Politics & Government

Congress isn't feeling much heat from Obama's 'army'

WASHINGTON — President Barack Obama's army of canvassers fanned out across the nation over the weekend to drum up support for his $3.55 trillion budget, but they had no noticeable impact on members of Congress, who on Monday said they were largely unaware of the effort.

"News to me," said Rep. Lloyd Doggett, D-Texas, a House Budget Committee member, of the canvassing. Later, his staff said that his office had heard from about 100 voters.

The president's lieutenants tried to open a new front in the "Obama revolution," the grassroots mobilization that propelled the once little-known Illinois senator to the White House last year. David Plouffe, who ran Obama's campaign, now runs "Organizing for America" out of the Democratic National Committee. It uses the same Web-based tactics that won the presidency to mobilize public opinion behind Obama's initiatives in a bid to redefine "business as usual" in Washington.

"The budget that passes Congress has the potential to take our country in a truly new direction — the kind of change we all worked so hard for," Plouffe said in an e-mail alert to Obama followers last week. He asked them to rally people in their hometowns behind Obama's budget.

Over the weekend, Obama supporters knocked on an estimated 1 million doors in all 50 states. Canvassers asked people to sign a two-point pledge saying that they support Obama's "bold approach for renewing America's economy," and that they'll ask family, friends and neighbors to back it.

"How many of these folks have read the budget?" wondered Rep. Stephen Lynch, D-Mass., a House Financial Services Committee member.

Congressional committees will start rewriting Obama's budget this week. Obama's biggest Capitol Hill problem appears to be conservative and moderate Democrats, who are challenging his fiscal 2010 budget blueprint.

Some lawmakers saw value in the canvassing.

"Anything that raises the profile of the challenges we face is very important," said Rep. Earl Blumenauer, D-Ore., a Budget Committee member.

Trying to mobilize voters to rally behind a complex, multi-trillion dollar budget that Congress will take months to enact is a different task from winning votes for a presidential candidate.

"You live in Terre Haute, Indiana, or suburban Denver, and someone you don't know knocks on the door and talks politics — the election is over," said Peter Brown, the assistant director of the Quinnipiac University Polling Institute in Connecticut. "I'm not sure if it will make a big difference."

Still, Brown concedes that it's early enough in Obama's presidency and he's still popular enough that some people will listen and give Obama "the benefit of the doubt" on his agenda.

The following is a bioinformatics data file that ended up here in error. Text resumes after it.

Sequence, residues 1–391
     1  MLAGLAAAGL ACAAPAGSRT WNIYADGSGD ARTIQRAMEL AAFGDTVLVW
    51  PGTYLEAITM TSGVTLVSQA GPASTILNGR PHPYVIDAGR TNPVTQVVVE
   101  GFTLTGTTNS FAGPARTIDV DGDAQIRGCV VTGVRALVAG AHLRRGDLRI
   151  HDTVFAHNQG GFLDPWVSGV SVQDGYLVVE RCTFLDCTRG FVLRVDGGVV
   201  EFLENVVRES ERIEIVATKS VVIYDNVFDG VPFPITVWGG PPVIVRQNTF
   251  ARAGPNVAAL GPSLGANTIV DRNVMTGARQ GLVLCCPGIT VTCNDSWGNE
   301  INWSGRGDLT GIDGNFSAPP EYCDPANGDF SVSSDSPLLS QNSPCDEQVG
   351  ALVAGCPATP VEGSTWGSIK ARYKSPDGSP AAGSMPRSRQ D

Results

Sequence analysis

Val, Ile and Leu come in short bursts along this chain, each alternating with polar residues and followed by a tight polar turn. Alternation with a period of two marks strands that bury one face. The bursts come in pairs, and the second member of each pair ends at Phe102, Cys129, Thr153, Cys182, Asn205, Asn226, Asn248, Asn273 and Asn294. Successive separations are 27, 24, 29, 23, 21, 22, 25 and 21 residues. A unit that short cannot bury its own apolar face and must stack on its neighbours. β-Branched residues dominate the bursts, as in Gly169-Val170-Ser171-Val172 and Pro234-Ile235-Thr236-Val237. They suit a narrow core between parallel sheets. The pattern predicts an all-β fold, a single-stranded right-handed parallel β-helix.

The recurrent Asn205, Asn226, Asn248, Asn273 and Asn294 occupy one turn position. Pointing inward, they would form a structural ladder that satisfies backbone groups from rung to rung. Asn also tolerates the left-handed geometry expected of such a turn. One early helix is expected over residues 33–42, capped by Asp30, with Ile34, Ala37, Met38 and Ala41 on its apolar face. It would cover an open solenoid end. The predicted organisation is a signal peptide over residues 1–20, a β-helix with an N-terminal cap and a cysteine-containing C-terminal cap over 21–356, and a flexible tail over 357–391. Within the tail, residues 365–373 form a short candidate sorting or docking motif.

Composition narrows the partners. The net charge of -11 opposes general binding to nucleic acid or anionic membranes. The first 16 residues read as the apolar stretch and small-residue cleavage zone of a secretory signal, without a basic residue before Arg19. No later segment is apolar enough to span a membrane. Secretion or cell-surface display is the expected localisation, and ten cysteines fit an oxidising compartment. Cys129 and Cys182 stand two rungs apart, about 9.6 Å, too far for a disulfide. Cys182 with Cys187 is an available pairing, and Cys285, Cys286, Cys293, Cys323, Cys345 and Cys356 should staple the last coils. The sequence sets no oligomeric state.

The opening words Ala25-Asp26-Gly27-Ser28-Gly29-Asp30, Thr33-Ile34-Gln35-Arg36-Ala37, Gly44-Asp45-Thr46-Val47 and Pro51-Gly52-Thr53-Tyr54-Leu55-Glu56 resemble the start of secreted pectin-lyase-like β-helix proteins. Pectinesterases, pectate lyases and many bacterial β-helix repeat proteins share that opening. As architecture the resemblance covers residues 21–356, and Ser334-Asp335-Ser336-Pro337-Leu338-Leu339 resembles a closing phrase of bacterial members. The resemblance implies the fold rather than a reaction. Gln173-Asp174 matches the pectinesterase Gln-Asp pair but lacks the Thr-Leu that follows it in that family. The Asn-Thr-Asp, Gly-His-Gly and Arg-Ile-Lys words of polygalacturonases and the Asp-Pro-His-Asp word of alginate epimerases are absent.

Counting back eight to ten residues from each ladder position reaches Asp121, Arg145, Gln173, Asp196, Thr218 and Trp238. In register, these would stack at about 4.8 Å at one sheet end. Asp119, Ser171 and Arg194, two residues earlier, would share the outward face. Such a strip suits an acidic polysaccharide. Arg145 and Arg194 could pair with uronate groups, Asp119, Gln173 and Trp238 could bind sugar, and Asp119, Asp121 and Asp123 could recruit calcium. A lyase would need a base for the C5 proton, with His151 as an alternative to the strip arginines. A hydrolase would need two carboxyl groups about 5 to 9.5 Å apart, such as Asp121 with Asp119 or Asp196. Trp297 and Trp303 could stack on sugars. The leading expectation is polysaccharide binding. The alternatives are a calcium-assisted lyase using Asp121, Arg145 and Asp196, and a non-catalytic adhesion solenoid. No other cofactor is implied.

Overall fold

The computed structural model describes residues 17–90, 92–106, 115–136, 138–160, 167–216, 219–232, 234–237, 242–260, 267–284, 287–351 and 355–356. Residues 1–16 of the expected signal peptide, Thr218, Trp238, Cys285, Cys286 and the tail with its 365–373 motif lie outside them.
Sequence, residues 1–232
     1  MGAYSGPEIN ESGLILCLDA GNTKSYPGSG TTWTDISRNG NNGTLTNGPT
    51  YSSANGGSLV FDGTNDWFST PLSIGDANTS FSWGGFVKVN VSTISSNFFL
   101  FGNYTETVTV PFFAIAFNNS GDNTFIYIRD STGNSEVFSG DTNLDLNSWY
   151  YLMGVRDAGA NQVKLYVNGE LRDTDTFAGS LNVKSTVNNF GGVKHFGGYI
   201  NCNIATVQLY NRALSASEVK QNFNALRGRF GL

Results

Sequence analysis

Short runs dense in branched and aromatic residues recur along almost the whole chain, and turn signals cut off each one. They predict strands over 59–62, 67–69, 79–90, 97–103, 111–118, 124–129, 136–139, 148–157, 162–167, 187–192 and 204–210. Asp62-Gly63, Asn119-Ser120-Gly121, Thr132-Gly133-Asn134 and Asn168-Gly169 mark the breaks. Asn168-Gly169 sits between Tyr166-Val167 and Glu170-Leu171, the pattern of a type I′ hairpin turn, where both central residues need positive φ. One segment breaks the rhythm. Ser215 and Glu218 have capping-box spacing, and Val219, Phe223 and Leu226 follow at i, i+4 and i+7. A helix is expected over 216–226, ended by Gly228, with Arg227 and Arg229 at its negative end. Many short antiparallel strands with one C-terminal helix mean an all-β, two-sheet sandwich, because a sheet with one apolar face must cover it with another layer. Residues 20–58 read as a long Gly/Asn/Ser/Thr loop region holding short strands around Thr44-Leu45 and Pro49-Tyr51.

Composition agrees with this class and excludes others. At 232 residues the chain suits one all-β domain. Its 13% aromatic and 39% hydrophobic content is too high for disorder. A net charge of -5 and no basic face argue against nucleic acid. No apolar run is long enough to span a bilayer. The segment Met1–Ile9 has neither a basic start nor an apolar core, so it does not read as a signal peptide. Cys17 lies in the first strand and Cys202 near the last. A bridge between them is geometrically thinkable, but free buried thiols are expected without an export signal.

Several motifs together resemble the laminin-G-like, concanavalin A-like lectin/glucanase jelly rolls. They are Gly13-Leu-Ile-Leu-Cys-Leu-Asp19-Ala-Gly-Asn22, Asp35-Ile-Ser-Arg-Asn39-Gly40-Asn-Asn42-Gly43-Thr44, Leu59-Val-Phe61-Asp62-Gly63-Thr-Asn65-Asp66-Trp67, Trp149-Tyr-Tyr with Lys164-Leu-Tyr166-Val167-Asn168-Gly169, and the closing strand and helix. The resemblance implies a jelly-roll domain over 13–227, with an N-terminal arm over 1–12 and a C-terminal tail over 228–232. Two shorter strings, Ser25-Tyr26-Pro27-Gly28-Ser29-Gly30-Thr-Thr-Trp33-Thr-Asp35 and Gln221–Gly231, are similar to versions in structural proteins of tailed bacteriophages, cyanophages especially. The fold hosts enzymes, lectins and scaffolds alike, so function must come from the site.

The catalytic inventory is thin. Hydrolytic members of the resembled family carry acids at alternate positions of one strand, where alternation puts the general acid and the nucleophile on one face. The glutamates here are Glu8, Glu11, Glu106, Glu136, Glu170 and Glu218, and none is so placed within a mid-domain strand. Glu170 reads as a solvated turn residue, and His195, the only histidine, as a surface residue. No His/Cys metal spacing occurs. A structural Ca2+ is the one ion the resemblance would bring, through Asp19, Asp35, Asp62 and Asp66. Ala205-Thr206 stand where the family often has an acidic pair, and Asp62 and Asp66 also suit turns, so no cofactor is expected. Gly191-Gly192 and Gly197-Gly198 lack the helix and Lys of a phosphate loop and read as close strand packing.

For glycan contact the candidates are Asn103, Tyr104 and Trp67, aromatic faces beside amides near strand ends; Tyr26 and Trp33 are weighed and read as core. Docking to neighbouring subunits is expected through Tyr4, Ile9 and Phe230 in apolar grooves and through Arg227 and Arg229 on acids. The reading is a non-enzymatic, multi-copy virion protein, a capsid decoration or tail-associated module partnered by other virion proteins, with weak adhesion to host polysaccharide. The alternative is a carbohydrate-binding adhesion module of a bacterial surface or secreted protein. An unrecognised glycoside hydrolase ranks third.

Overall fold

"They're scared about their income future," Brown said.

The group Obama most needs to lobby this week are the approximately 51 conservative-to-moderate Democrats in the House of Representatives and the 16 in the Senate. Their numbers are big enough in both chambers to deny the president the majorities he needs to win budget approval, assuming near-unanimous Republican opposition as well.

Centrist Democrats disagree with Obama's plan to increase spending on most domestic programs by about 9 percent next year. They want no spending increase.

Congress has to "develop a realistic plan for putting our country back on a path to fiscal responsibility," said Rep. Charlie Melancon, D-La., a leader of the moderate Democratic Blue Dog Coalition. "It is vital that we begin working to bring our books back to balance, using tools such as (mandatory) pay-as-you-go budgeting."

Blue Dogs were careful not to criticize Obama, but said they've felt little pressure from the canvassing.

Rep. Melissa Bean, D-Ill., once a coalition member but now vice-chair of the New Democrat Coalition, said she wasn't aware of the effort and has heard no response to it from her district.

Meanwhile, established liberal groups are gearing up to stop the Blue Dogs in more traditional ways. The Campaign for America's Future and other groups have scheduled a joint news conference for Tuesday to announce what they term a "new campaign to dog the Blue Dogs."

In a statement, they said that "President Obama is back in campaign mode as he pushes for a budget proposal that has faced opposition from a group of Democratic senators led by Sen. Evan Bayh," a moderate from Indiana.

In addition, Obama is expected to tout his budget on Tuesday night in a prime-time news conference.

ON THE WEB

President Obama's 2010 budget outline

Concord Coalition budget analysis

MORE FROM MCCLATCHY

The biggest obstacle in Obama's path: Congress (who else?)

Initial response to Obama's grassroots appeal: It's a bust

After AIG bonuses, Congress sours on more bailouts

CBO: Obama's budget would double deficit over decade

Greatest threat to Obama spending plan? Democrats

Obama to seek 'every legal avenue' to block AIG bonuses

Related stories from McClatchy DC

  Comments